Airport making moves to fix runway safety issues

Oct. 24--San Jose and San Francisco's airports both had a troubling uptick in the number of obstructed-runway incidents in the past 12 months, the Federal Aviation Administration reported Monday, although all but one of the incidents was classified as minor.

Even more serious at San Jose, the FAA reported, was that there were several instances of small-aircraft pilots being confused about which of the airport's three parallel runways to use for landing. Monday, the FAA announced some remedies it had suggested to 20 airports nationwide that had runway-safety problems.

San Jose officials said they already are planning to install additional lighting on the smallest runway. San Francisco airport officials said they have trained more drivers, improved signs for pilots and re-routed a taxiway to avoid crossing runways.

In August, the FAA launched a two-month nationwide study of 20 airports -- including San Jose and San Francisco -- that had a high number of "runway incursions" as well as a high number of incidents in which pilots were confused while taxiing around the airfield.

The main issue at Mineta San Jose International Airport was an increase "in the number of instances of pilots trying to land on the wrong runway," FAA spokesman Ian Gregor said. "And we wanted to address that issue now, before it becomes more of a problem."

San Jose has three parallel runways -- two 11,000-foot runways for commercial aircraft and a 4,000-foot runway for smaller aircraft -- and on "several occasions" pilots who were instructed to land on the commercial runway tried to land on the smaller one, according to Gregor.

To fix the problem, the FAA recommended that San Jose airport install lights at the end of one of the runways to reduce the chance pilots confuse the shorter runway for the longer one, Gregor said.

"It seems to us the solutions are rather simple," Gregor said.

Some local pilots said they suspected that the pilot-confusion issues probably come up most with pilots who don't fly into San Jose often.

Jacob Savage, a 17-year-old pilot who occasionally flies into San Jose, said he had an episode that was slightly confusing last year. He said as he approached San Jose's airport, he was initially given clearance to land on the shorter runway, but shortly after was given the go-ahead to land on one of the larger runways. "It's quite a thrill because it's such a huge runway," Savage said. However, it was a bit of a scramble for him.

"I had to re-do my pattern," he said.

For experienced pilots or pilots of larger aircraft, landing in San Jose usually is simpler than navigating the crisscrossing runways of places such as San Francisco, some said.

"You can land here easier than you can drive here," said Donald Simpson, a former American Airlines pilot who now sits on San Jose's airport commission.

The FAA study focused primarily on runway incursions, which it defines as an incident where a plane, vehicle or pedestrian on the ground is too close to, or in the way of, a plane that is landing or taking off, Gregor said. San Jose and San Francisco each reported four incursions in the fiscal year that ended Sept. 30.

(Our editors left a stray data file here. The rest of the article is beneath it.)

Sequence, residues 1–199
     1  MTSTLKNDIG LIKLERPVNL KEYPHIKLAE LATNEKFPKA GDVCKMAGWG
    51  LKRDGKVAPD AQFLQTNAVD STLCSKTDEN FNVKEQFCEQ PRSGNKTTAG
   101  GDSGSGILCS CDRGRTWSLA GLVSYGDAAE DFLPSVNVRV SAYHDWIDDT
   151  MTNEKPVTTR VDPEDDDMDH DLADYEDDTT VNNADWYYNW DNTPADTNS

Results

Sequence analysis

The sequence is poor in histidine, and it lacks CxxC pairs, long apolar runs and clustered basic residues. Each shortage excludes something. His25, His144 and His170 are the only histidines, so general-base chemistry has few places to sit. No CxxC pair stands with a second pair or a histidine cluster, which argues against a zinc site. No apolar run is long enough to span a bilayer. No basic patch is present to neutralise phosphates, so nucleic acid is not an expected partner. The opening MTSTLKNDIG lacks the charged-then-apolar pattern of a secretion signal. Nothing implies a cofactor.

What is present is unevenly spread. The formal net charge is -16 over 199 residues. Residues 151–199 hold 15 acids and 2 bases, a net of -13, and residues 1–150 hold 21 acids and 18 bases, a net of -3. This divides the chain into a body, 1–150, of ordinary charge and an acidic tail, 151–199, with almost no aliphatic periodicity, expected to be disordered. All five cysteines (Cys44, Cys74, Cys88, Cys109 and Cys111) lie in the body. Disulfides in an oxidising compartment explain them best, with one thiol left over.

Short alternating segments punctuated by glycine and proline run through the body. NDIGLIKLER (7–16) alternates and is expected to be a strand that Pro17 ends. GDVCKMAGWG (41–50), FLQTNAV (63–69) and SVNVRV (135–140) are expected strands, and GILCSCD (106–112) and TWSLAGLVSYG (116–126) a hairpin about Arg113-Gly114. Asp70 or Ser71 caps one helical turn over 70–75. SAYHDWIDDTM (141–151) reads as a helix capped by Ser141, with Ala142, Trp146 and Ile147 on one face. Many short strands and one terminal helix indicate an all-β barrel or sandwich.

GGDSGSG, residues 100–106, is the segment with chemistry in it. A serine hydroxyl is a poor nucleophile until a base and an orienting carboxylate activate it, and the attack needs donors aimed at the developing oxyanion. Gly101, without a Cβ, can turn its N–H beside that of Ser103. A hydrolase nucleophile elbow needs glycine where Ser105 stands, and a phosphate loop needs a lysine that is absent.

In San Jose, the four runway incursions were given a D grade, the least serious rating from the FAA. From 2003 to 2006, San Jose had five incursions.

Mark DePlasco, air traffic manager for San Jose, said the uptick in San Jose incursions was caused by construction-related changes at the airport, and they haven't had any since February.

"The fact they are minor, as the FAA defines them, is welcome news," airport spokesman David Vossbrink said. "We want to make sure we can work with the FAA to reduce that number."

San Francisco had one of only four incursions nationwide that were rated the most serious. That incident occurred in May, when a mistake by an air traffic controller led to a near-collision of two passenger planes, said spokesman Mike McCarron.

The other San Francisco incidents were rated as not serious, Gregor said.

As part of its findings, the FAA has requested airports with more than 1.5 million departures more quickly enhance some runway markings that were originally required by June 30, 2008.

That process has been completed in San Jose, said Vossbrink, who added that the airport is seeking funding from the FAA to add runway lighting.

As part of its study, the FAA spent about two months talking with airlines, airports, air traffic control and pilot unions, and aerospace manufacturers.

The FAA released its findings late Monday, after the Associated Press reported that a separate government agency, the National Aeronautics and Space Agency, was withholding its own findings about runway safety to avoid upsetting travelers or affecting airline profits.

NASA gathered the information through an $8.5 million federal safety project in phone interviews with about 24,000 commercial and general aviation pilots over a four-year period, the Associated Press reported. Since shutting down the project more than a year ago, NASA has refused to release its findings, according to the Associated Press.

In a statement, NASA administrator Mike Griffin said he was just made aware of the issues and is reviewing the Freedom of Information Act to determine what information can be made available.

By Mark Gomez and Deborah Lohse. The Associated Press contributed to this report.

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